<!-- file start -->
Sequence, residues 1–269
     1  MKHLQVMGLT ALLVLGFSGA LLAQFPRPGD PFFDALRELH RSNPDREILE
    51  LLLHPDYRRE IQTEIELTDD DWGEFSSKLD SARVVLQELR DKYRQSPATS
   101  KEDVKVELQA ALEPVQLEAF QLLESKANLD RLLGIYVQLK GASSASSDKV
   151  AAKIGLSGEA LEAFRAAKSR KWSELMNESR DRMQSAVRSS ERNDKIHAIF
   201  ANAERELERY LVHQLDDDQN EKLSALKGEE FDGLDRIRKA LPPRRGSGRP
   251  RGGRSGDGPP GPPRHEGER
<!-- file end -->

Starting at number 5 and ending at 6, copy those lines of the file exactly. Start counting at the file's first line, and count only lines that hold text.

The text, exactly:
   151  AAKIGLSGEA LEAFRAAKSR KWSELMNESR DRMQSAVRSS ERNDKIHAIF
   201  ANAERELERY LVHQLDDDQN EKLSALKGEE FDGLDRIRKA LPPRRGSGRP